Construction bidding is highly competitive. A good bid though can make the difference between winning and losing a contract. Most contractors lose more bids than they win. Typically, general contractors win only 1 out of 6 bids and subcontractors winning only 1 out of 7 bids.
With shrinking profit margins within the construction industry, it is essential to address how electrical contractors can improve their construction bid process. There is so much more to crafting a successful bid than being the lowest bidder.
Below we highlight 5 ways electrical contractors can be competitive and successful on construction job bids.
There are many resources available for discovering projects to bid on. For example, Dodge Analytics and ConstructConnect provide databases covering different construction projects for contractors, subcontractors, and engineers. These are both great digital databases for discovering the ideal job to bid on based on an electrical contractor firms’ size, internal electrical specialists, and revenue. For example, a project could require certain specialties that an electrical contractor does not have which means there is a lower chance of being selected for a bid.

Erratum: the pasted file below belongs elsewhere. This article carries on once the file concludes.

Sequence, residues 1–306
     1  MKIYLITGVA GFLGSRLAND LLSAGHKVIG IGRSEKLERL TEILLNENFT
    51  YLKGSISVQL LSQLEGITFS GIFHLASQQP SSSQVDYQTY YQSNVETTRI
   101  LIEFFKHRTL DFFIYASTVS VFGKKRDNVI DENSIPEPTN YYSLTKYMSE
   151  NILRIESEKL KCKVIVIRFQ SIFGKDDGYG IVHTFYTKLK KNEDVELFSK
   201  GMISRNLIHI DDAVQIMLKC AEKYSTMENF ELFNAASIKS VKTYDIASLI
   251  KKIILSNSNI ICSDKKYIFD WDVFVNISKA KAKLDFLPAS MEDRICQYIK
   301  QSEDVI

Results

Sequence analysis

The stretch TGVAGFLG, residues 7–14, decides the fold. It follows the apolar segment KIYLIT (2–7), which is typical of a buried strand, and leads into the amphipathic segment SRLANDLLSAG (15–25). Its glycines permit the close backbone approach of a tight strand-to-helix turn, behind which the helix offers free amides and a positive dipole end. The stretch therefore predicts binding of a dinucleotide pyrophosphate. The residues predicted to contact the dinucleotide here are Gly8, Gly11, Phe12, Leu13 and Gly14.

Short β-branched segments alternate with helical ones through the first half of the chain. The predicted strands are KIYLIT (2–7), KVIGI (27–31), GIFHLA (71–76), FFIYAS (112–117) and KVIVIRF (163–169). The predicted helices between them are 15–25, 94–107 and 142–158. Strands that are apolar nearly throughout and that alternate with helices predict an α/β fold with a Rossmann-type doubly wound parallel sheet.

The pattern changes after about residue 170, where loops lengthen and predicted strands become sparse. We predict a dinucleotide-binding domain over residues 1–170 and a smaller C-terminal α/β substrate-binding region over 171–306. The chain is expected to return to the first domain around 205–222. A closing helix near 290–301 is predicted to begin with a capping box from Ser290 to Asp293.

Investing time and effort in bidding for certain projects that will result in overmanning, stacking trades, out-of-sequence work, or material lead time could translate to lower margins.
Thoroughly surveying the job site before entering a bid could help the electrical construction firm avoid entering into a costly project that the firm is not well suited for. Visiting the site could also help identify hidden costs that could arise and negatively impact the cost estimate of the project.
Politics plays a part in construction projects. Investigating how local planning rules could affect a building project is critical information for avoiding significant delays that will cause overage. For example, the local government could choose to alter zoning policies over a specific piece of land, bringing the construction project to a stop.
Doing research also means identifying the decision makers in the project. This ultimately helps the contractor establish trust and maintain a relationship with them. Establishing trust with the people you could potentially work with puts them at ease and in turn, they trust you with their project.
2. Utilizing new technology